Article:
As David was once a shepherd, so let me tell you of another. Once there was as shepherd boy on the hills. In the midst of a summer doldrums, he prepared a plan for excitement and attention. Dashing down the hill with the sheep ruminating behind, he exclaims to all who listen that he saw a wolf! Reacting with due haste his neighbors dash up the hill seek the destroyer, only they cannot find him there. Days go by and the boy becomes dulled with the tedium of his walk, and he prepares his plan for excitement and attention. Dashing down the hill with the sheep of his master ruminating on his departure, he exclaims again to his neighbors that he saw a wolf! Many of townspeople dash up the hill to spy out the wolf, reacting with perhaps less haste then before. The destroyer is not here! This immature shepherd has misled others and wasted time again. The neighbors admonish the boy for his foolishness and leave him again to tend the master’s flock. Days pass on, and the boy prepares his plan for excitement and attention. It has succeeded without fail in the old days! (In summer, the days grow old with undue speed).
He stands, ready to dash once again, when he counts his master’s sheep. The flock is smaller than it was. Counting out, he realizes there are indeed sheep missing. In the near distance, howling breaks forth, and the rustles and hustles and bustles reveal a number of destroyers greater then he can handle. Dashing down the hill with the diminishing sheep bleating confusion, scattering behind him; the boy seeks his neighbors and exclaims the news to his town. Now none listens. He has shown complete disrespect for his neighbors, wasted their time with running hither and yon, and destroyed their trust with falsehoods. He has failed to present truth to them, and so when he does come to the truth, no one will accept. It is critical to present the truth always to our neighbors. When we fail at this, there is disrespect and time lost irreparably. If we cry out falsely, or intentionally misdirect our neighbors, we condemn our efforts to failure.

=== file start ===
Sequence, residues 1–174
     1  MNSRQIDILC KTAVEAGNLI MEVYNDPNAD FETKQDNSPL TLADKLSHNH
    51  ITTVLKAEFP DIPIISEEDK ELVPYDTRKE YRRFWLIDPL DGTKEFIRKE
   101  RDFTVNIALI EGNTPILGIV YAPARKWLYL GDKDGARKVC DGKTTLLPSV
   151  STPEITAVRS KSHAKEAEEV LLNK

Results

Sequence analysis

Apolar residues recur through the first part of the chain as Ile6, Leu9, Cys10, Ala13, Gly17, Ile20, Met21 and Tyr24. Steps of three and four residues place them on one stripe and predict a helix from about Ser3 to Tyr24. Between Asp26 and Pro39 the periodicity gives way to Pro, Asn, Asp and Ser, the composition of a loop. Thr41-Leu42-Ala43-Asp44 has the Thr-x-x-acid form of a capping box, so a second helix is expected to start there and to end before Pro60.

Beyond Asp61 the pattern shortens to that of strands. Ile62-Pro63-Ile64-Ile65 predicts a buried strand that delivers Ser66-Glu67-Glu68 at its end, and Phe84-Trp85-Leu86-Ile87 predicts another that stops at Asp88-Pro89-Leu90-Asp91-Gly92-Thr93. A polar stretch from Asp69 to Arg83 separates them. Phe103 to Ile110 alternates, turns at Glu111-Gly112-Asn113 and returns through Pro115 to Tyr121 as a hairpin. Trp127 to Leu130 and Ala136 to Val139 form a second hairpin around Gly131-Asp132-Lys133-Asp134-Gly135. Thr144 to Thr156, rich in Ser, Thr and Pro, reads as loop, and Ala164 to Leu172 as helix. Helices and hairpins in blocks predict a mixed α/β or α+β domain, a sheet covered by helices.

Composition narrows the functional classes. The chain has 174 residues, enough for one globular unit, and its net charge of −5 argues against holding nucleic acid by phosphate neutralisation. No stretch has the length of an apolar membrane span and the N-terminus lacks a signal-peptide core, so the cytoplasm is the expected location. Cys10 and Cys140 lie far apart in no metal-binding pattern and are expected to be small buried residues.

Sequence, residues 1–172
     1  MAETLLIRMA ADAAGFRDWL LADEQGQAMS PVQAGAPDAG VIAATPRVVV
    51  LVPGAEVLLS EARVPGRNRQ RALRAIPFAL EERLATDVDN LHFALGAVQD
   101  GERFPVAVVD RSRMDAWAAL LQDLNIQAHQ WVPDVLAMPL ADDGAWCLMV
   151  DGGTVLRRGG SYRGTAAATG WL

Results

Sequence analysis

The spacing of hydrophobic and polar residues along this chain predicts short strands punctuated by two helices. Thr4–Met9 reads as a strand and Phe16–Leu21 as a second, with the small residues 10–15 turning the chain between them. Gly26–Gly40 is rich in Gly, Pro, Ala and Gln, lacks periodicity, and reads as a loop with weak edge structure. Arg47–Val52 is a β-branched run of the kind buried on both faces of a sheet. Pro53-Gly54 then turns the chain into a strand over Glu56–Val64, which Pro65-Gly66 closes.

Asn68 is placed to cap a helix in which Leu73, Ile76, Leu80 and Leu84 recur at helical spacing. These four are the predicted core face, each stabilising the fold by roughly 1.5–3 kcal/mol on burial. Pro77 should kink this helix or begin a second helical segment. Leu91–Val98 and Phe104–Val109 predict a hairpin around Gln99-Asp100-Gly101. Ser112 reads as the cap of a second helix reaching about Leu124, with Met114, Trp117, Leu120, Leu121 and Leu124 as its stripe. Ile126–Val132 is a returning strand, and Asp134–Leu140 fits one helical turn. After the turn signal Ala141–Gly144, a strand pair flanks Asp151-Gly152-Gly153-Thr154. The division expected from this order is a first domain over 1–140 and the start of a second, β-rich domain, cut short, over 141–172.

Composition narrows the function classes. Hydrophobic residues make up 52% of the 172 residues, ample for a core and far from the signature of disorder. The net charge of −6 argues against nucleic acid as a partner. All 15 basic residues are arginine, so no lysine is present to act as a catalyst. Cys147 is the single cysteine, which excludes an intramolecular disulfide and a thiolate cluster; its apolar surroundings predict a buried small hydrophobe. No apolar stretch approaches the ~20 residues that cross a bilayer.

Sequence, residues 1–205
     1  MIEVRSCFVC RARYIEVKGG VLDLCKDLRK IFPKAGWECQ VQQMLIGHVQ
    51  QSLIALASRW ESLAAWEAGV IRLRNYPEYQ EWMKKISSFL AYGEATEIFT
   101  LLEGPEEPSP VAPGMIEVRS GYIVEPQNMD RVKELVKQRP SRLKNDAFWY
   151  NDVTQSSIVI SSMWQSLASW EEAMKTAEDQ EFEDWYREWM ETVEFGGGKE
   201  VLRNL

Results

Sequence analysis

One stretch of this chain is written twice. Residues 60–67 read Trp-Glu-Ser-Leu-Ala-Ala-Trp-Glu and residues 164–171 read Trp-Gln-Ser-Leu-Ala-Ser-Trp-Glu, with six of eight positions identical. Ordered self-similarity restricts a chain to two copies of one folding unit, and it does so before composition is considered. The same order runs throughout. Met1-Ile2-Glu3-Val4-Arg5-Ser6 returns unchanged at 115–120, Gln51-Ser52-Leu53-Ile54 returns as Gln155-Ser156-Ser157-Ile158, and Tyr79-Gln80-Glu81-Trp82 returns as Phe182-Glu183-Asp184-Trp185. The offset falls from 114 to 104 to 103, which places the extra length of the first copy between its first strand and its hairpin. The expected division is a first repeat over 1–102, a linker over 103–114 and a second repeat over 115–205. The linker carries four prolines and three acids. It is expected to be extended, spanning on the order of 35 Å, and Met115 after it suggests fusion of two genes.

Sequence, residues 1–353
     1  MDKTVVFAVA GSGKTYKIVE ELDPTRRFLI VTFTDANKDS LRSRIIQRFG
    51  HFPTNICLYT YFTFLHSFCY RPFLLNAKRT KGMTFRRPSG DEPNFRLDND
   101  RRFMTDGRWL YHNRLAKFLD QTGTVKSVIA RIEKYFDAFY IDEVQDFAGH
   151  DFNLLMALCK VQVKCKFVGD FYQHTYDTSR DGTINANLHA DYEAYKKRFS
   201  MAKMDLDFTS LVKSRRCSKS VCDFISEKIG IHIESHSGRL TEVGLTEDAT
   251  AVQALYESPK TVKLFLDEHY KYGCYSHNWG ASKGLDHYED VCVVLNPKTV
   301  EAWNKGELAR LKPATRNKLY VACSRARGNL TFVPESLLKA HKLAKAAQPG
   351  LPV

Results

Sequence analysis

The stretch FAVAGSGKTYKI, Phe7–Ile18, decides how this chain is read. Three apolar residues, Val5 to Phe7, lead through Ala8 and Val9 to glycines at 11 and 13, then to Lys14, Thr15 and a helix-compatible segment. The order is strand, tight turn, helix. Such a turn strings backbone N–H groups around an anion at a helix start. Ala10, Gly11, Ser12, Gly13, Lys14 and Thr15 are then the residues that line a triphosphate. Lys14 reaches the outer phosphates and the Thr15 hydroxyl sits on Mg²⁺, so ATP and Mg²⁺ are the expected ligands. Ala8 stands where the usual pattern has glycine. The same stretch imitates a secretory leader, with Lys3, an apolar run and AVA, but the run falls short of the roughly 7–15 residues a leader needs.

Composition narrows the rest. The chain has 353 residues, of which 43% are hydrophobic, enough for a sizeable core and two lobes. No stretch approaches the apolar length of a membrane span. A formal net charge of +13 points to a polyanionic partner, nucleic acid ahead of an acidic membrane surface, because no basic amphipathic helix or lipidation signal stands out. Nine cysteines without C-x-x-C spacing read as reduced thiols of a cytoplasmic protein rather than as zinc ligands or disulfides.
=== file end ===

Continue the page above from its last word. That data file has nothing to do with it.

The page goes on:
The Brave movement does this, foregoing the hard truth of personal responsibility and salvation offered and misdirecting to the plastic forks and knives, saying Jesus makes me brave. This is an easy out with only transient victory. It feels good for a while to claim, “It is not me, Jesus makes me brave!” Yet when the grist is ground in life, there is no foundation prepared to act with righteousness. This is a weak foundation, one built on sand of emotions and temporary expediency. The Brave movement sacrifices the truth of making choices on the altar of a strong female vocal, catchy lyrics and comforting half-truths. Church, we are better than this. Do not offer fake answers to a world demanding reality. Rather hold fast to what is true and proclaim the good news in grace and in truth[xiv].
To be brave is your choice; it is the choice to do the right thing at the right time for the right reasons, regardless of the consequences of this world. The song Brave by Nicole Nordeman retained this reality, and emphasized the choice of Christian. If our faith is true, we should experience boldness in our walk that is inwardly experienced and outwardly visible. Boldness to disciple, boldness for grace, boldness for truth, boldness for Jesus as he really is and not merely though song. Daniel in Babylon chose to be righteous and the Lord honored his boldness. Peter chose to walk on the water towards Jesus, and in his faith walked with boldness. Paul worshiped in prison, and from his relationship with Jesus came boldness, boldness we have not seen the end of. Make the choice, and do not feast upon half-truths and falsehoods for your life, wherever they come from. Love rejoices with the truth.
[vi] http://idioms.thefreedictionary.com/penny-wise+and+pound-foolish Prov. thrifty with small sums and foolish with large sums. (Describes someone who will go to a lot of trouble to save a little money,but overlooks large expenses to save a little money. Even in the United States, the reference is to British pounds sterling.) Sam: If we drive to six different grocery stores, we'll get the best bargains on everything we buy. Alan: But with gasoline so expensive, that's penny-wise and pound-foolish.
[vii] Galatians 5:22-23
[viii] Romans 12:9-21, Colossians 3:12-17
[ix] Galatians 5:24, 25. Ephesians 4:17-32
[x] Psalm 23:5
[xi] Psalm 27:6
[xii] Psalm 18:30-36
[xiii] [xiii] 1 Samuel 17:36
[xiv] John 1:14, 17